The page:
Pam Boehm mug

Have you ever heard the saying, “One man’s trash is another man’s treasure?” I have used this line many times over the years, especially when I have had garage sales at my house. People would purchase old junk that I would consider trash and go away excited to have a new treasure. One of the things I have learned in life is that everything has a purpose and a use. Growing up, we lived very modestly. My parents were masters of making do with what they had and using items until they no longer served their purpose.  

Oftentimes, we use objects for things other than what they are intended. For example, my husband used to wash out vegetable cans and use them to hold screws and nails. In the field of Psychology, there is a term called, “Functional Fixedness,” which means a person uses an object only in the way it is traditionally used. This term originated in Gestalt Psychology and was coined by Dr. Karl Duncker, who believed functional fixedness is a mental block against using an object in a new way that is required to solve a problem. For example, in the case of vegetable cans, having the inability to see that the item can be used for things beyond its original purpose.

One of the first introductions that I can remember regarding repurposing was from the “Hints from Heloise” column in the newspaper. I was always fascinated with the many ideas that Heloise had for getting gum or ink out of clothes.  

As educators, I believe it is our duty to not only inform students of the many alternatives and solutions for various terms and objects, but also to celebrate and showcase the work of these students when they discover new alternative approaches through repurposing.

One example of this is reflected by our welding students. Most recently, I was hosting university partners on campus and giving them a tour of our Cleburne Technical Center. We were walking through our welding department and I mentioned that our students get requests from the community to assist with various projects. One such example is the request to make trophies for the Veteran’s Day Car Show hosted by Cleburne VFW Post 12152. This is the third year that the Hill College Welding students have built the trophies and that the automotive students and faculty have judged the car show. To my amazement, these were the most unique and creative trophies that I have ever seen, which were made from recycled car parts and scrap metal. They were absolutely beautiful and were repurposed.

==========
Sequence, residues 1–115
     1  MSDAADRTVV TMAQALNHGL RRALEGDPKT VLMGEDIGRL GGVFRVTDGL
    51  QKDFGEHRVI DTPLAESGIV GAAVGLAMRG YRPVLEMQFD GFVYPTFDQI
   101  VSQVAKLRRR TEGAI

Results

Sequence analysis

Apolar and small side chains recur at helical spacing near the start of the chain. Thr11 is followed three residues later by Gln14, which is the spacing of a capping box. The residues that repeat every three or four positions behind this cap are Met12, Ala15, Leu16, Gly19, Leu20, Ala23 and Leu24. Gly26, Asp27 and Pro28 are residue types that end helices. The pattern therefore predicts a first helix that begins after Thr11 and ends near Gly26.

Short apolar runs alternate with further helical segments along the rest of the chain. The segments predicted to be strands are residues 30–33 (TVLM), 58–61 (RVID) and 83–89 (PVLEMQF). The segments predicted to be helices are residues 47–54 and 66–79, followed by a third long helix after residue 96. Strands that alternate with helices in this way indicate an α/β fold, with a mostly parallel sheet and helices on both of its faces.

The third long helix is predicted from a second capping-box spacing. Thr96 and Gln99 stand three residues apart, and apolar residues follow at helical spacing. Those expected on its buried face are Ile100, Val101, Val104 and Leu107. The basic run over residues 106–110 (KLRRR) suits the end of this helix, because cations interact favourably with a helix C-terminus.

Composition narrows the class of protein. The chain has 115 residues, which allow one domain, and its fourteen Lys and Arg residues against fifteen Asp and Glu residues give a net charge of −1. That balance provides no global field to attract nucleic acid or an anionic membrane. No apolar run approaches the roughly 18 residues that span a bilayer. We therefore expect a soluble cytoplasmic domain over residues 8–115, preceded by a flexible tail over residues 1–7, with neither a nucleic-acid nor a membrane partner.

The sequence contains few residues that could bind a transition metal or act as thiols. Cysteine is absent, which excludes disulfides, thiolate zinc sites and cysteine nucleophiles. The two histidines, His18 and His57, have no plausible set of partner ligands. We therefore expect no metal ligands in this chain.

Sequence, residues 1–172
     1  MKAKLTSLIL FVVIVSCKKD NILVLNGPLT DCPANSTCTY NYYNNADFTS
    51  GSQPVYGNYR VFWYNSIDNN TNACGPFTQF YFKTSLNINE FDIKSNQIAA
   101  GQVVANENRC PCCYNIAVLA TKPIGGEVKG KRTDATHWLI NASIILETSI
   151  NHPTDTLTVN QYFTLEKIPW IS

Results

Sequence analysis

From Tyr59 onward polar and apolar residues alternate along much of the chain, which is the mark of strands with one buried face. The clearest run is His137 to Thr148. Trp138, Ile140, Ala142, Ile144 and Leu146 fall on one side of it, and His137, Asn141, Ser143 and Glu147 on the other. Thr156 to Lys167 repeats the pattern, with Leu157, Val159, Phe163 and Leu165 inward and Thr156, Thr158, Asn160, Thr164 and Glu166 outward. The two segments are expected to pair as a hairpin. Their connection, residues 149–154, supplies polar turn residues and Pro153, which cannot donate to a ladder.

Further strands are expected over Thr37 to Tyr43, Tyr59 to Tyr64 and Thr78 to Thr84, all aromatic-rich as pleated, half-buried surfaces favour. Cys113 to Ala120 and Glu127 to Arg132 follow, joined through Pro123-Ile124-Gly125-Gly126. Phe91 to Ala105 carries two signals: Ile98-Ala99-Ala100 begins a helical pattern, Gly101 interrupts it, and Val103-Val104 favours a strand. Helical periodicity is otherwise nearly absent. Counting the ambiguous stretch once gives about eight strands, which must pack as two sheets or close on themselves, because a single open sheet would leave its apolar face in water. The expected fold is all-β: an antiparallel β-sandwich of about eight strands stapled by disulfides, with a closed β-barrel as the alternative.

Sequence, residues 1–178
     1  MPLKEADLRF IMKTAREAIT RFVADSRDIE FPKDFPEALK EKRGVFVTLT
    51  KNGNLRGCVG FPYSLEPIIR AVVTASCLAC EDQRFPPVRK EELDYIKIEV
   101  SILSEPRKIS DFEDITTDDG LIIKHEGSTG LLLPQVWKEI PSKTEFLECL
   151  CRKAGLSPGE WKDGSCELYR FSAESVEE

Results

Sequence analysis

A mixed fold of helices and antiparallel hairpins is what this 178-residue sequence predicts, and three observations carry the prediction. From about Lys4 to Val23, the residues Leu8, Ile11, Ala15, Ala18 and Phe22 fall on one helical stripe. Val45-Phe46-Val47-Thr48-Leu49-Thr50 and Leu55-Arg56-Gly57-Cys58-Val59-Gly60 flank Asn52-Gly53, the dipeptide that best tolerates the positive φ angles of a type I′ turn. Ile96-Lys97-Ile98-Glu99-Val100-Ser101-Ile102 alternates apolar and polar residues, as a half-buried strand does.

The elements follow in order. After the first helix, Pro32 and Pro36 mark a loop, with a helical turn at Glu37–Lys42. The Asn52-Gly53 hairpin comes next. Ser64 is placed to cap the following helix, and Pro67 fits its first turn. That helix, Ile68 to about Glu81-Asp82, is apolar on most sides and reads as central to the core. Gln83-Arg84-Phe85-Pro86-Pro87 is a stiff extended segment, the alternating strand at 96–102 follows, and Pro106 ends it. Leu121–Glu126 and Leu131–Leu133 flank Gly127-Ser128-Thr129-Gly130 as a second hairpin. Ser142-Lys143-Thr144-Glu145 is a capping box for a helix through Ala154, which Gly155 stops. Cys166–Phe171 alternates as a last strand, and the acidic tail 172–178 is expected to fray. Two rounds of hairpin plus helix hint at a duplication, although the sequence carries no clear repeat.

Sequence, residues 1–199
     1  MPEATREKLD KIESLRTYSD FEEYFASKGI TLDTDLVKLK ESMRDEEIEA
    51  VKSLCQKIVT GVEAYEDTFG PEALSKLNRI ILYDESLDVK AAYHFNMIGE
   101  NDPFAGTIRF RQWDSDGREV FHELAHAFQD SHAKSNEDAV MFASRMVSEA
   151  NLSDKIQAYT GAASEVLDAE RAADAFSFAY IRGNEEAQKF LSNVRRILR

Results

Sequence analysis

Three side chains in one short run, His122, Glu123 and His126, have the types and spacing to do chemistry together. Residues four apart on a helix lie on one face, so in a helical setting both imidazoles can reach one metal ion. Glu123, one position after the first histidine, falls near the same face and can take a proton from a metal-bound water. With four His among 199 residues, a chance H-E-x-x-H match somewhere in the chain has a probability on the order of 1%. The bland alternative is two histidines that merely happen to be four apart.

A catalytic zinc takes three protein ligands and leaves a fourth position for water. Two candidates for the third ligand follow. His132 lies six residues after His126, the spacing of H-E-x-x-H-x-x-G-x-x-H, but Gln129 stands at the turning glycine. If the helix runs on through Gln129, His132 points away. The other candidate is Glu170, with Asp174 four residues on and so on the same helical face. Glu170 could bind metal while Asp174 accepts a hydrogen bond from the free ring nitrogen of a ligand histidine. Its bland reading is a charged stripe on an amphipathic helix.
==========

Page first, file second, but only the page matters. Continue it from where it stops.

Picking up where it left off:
This brought to mind all of the unique and beautiful creations that our students have developed over the years utilizing various materials in different ways than the intended purpose. One most unique assignment came from the Cosmetology Department. The professor gave an assignment called, “Trash Queens,” for the students to inspire us all to clean up what we mess up. They had to create an outfit out of trash that would normally be thrown away. The students used trash bags, soda cans, paper plates and other items for their wardrobes. These talented young artists inspired me to think twice before throwing away trash.   

What do you have that you can repurpose?  Some things on my list are as follows:

• Using a toilet brush to clear out spider webs

• Cutting half of a pencil eraser to use for the back of an earring

• Popsicle sticks to make crafts

• Deer horns made into lamps

• Tractor tires made into sandboxes

• Buttons strung together to make a necklace

 • Old T-shirts sewn together to make a quilt

Growing up in the depression era, my mother-in-law became a genius at repurposing. Her specialty was repurposing greeting cards and calendars. If she wanted to send a birthday card to someone and didn’t have a card, she would take a get well or sympathy card, scratch out the wording, write happy birthday and send it on. Repurposing at its best. She was also infamous for patching the knees of my children’s jeans with an old terrycloth sock. This worked great until they reached the age that holes in the jeans were the new fad. Oops…

I believe what goes around comes around. I think we are now seeing society much more accepting of repurposing our trash into treasures. There is nothing I hate more than to spend good money on an item only to throw it away because you believe it has outlived its life. Next time you discard a piece of trash, I ask you to be cautious not to fall within the “functional fixedness” trap. Stop and think about the many uses of the item and get creative on what you can develop. Who knows, it may just be the newest fad. Repurposing signifies leaving the old behind and creating something new. What about our attitudes and behaviors.  Can they be repurposed? 

Dr. Pam Boehm is president of Hill College.

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